Rents across Britain fell annually for the first time in more than six years, according to Countrywide data.
February’s Countrywide Lettings Index shows that new rents in Great Britain fell 0.6% year-on-year to £921 a month, the first annual drop since November 2010.
The fall in the average national rent was driven by London and the South-East where the cost of a new let fell 4.7% and 2.6% respectively to £2,359 and £1,152.
The agent said the slowdown in average rental growth is driven by a fall in the number of tenants looking for a home combined with higher numbers of homes available to rent in London and the South-East.
While across the country there were 5% more tenants looking for a home than at the same time as last year, London and the South-East had falls of 3% and 5% respectively.
There were 10% more homes available to rent nationally in February 2017 than last year, but the rate of growth has halved since last month, Countrywide said.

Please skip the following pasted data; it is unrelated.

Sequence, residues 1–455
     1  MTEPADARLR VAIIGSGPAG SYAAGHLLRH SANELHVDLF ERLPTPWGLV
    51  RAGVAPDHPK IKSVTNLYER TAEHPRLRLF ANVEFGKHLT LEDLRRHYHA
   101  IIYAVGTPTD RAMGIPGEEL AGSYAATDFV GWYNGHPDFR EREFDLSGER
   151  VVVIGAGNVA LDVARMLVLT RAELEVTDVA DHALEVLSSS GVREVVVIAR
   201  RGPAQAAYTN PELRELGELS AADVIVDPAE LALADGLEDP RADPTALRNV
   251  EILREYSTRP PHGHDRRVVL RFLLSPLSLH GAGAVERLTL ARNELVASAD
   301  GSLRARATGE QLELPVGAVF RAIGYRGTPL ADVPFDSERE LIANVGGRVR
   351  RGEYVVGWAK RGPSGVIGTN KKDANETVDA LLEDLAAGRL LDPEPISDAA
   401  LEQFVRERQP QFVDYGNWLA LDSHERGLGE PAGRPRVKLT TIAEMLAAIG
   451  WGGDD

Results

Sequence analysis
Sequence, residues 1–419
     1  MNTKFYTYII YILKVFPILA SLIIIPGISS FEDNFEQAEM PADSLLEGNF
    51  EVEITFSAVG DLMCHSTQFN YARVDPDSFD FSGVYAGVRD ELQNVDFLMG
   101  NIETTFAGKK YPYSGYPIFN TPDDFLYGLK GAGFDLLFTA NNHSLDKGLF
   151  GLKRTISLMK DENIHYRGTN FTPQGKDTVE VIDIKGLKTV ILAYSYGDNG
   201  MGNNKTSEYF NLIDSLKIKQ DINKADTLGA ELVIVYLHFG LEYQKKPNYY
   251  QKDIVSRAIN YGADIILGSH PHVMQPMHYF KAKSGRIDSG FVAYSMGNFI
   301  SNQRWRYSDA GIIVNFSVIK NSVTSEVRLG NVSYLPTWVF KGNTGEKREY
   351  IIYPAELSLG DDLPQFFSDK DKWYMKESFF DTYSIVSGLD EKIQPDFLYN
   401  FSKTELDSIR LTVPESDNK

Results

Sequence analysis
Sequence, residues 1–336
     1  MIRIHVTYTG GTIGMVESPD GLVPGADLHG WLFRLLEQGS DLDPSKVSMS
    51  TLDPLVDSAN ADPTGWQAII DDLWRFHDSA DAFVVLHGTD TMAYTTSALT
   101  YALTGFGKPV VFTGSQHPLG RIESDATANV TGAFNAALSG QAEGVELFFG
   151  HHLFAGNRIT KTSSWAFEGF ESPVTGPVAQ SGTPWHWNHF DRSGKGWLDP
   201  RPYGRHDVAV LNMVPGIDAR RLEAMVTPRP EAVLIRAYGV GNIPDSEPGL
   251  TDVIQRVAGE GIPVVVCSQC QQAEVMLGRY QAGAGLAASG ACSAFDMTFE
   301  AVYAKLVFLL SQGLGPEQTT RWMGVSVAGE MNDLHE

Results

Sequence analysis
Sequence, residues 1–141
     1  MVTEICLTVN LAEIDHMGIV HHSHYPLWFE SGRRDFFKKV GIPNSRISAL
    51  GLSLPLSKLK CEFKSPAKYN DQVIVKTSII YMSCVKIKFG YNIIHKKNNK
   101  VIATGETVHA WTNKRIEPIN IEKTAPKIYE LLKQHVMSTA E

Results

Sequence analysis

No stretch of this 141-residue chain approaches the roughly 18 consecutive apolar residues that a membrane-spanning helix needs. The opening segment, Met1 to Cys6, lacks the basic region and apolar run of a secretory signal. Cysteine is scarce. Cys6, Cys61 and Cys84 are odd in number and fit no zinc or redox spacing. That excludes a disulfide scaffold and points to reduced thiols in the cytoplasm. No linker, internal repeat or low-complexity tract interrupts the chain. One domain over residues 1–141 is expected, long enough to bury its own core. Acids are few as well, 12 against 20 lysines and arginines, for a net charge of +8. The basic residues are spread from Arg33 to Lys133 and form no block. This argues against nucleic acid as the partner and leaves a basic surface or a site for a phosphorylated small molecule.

Johnny Morris, research director at Countrywide, said: “Rents are growing in most of the country but falls in London and the South-East are dragging down the national growth rate.
“Recent falls in London and the South-East are small in the context growth in recent years. Rents are a third higher in London and the South-East than in 2007.
“Early signs point towards 2017 being a rare year where rents rise faster in the north of the country than in the south. While rents are likely to track any increase in earnings, affordability in London and the South-East remains stretched. That is likely to limit rental growth.